Irving Berlin’s musical Annie get Your Gun has been revived more times than all the patients in Trauma: Life in the ER combined. It’s hard to see why. Sure, the feminist angle’s pretty strong. And Ethel Merman made the song “There’s No Business Like Show Business” a major hit. But the musical is pretty mamby pamby—compared to the life of its eponymous inspiration. Annie Oakley was, to coin a phrase, a pistol. The New York Times review of the latest version calls Oakley “a kind of protofeminist.” She was nothing of the sort. She was a crack shot, a well-loved performer and a full-on, no apologies feminist. “Throughout her career, it is believed that Oakley taught upwards of 15,000 women how to use a gun,” the hive mind at Wikipedia reports. “Oakley believed strongly that it was crucial for women to learn how to use a gun, as not only a form of physical and mental exercise, but also to defend themselves . . .

Oakley continued to set records into her 60s, and she also engaged in extensive, albeit quiet, philanthropy for women’s rights and other causes, including the support of specific young women that she knew.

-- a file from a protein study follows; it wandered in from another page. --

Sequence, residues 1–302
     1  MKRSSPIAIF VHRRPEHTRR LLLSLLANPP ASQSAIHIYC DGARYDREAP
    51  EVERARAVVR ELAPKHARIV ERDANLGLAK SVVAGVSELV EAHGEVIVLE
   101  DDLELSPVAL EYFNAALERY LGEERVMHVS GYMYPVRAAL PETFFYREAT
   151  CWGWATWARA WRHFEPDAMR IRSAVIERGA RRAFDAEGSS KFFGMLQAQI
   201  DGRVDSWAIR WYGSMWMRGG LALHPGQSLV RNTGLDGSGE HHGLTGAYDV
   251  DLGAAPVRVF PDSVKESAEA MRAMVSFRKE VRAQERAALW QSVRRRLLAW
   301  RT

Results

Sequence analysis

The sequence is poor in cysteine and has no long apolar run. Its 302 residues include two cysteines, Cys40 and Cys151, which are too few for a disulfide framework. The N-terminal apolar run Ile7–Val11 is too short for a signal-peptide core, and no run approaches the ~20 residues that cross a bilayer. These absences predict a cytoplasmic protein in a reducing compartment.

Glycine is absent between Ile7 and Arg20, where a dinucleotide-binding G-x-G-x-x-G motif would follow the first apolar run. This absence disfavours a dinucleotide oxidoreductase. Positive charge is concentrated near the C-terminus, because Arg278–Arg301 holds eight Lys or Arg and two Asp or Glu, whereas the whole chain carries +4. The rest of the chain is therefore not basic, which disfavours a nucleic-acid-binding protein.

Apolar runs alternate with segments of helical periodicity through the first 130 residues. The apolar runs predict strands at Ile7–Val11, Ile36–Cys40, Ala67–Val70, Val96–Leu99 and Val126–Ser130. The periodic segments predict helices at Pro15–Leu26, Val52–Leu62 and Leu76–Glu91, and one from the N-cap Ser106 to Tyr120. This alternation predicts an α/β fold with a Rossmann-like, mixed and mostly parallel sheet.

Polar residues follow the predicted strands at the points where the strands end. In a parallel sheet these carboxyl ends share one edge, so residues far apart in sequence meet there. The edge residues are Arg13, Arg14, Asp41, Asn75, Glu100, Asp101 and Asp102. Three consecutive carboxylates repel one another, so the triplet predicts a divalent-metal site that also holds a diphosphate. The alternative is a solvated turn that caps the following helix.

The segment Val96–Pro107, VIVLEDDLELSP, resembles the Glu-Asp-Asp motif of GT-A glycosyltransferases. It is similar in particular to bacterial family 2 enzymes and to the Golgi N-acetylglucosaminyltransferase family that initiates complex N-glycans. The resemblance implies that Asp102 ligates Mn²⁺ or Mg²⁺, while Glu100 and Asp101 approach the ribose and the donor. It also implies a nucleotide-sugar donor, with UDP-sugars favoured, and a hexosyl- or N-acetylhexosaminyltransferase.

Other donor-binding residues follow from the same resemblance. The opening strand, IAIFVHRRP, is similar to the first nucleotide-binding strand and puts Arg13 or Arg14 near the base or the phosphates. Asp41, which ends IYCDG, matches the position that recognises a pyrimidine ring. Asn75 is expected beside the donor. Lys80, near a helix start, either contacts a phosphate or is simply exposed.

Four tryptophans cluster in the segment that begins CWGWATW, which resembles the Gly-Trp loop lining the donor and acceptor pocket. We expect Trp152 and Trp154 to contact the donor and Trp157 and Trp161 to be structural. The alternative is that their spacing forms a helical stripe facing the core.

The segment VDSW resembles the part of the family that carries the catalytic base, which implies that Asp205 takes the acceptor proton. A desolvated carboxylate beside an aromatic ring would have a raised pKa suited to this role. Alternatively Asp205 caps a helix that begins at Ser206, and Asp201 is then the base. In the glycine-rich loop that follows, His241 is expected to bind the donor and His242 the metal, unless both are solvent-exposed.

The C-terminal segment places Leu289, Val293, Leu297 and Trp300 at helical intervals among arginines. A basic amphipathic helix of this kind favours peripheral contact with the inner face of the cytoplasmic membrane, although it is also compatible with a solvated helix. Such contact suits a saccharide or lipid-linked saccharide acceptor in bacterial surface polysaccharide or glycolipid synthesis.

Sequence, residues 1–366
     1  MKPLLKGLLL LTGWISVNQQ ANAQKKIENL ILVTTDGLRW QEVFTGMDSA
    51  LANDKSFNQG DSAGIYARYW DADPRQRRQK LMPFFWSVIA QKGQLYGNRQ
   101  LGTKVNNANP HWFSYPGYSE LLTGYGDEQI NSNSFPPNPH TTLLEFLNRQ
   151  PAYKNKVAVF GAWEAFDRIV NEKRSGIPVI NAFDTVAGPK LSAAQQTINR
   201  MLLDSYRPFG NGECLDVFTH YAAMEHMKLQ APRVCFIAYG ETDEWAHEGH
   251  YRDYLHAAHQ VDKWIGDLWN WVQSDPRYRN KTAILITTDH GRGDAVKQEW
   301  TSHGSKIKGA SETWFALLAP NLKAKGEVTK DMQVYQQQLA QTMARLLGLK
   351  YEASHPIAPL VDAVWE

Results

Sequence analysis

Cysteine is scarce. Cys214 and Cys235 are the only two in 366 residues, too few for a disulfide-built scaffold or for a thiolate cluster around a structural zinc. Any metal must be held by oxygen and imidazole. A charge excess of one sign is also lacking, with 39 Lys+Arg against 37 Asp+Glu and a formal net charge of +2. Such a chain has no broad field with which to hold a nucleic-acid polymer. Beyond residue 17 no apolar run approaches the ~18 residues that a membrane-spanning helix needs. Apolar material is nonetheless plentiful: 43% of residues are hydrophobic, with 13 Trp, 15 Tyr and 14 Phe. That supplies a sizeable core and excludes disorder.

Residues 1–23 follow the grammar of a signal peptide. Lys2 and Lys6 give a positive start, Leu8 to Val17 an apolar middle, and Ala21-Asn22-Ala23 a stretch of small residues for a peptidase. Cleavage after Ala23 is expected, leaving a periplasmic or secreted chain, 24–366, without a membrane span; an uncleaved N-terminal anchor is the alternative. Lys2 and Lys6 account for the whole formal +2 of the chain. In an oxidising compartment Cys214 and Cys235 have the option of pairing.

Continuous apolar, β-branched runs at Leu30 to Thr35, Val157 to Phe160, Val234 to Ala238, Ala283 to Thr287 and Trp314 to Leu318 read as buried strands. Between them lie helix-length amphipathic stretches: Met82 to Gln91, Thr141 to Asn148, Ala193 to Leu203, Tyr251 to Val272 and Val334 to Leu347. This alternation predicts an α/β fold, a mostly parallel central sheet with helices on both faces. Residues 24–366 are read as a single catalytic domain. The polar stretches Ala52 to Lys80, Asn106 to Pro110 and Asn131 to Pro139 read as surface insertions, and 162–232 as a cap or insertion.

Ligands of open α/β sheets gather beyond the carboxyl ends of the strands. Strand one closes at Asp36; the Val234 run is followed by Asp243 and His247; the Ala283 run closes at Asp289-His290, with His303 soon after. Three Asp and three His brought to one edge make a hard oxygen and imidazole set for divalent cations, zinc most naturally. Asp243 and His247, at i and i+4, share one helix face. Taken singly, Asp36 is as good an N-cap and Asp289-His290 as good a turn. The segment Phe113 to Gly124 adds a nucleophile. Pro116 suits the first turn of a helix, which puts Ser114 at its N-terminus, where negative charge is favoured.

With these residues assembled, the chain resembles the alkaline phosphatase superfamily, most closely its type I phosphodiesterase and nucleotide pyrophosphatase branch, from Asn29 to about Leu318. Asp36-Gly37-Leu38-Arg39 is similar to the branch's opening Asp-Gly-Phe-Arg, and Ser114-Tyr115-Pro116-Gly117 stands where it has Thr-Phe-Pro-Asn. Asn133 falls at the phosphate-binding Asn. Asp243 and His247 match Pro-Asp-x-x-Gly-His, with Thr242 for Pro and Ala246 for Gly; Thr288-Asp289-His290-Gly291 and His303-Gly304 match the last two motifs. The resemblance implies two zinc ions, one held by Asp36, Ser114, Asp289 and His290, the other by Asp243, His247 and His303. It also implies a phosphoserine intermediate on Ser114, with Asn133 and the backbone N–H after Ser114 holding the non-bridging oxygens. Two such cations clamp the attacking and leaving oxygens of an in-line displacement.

Now there’s a story I’d like to see. As for this play, The New York Times has almost as little time for it as me—and they’ve seen it.

The show feels as if it needs a jolt of energy, and the panel that covers the stage during the intermission points up the problem. Mr. Schweikardt has painted it with the famous scene from “Buffalo Bill’s Wild West” in which Indians ferociously attack a wagon train. Horses are in full gallop, tails and manes flying; a brave reels backward, his rifle in midair; you can practically smell the gunfire and hear the cavalry approaching. That kind of crackling excitement finally arrives onstage when Ms. Gambatese and Mr. Earley join forces for the classic Broadway duet “Anything You Can Do.” But by then, the show is over.

No it isn’t. Yes it is. No it isn’t. Yes it is.

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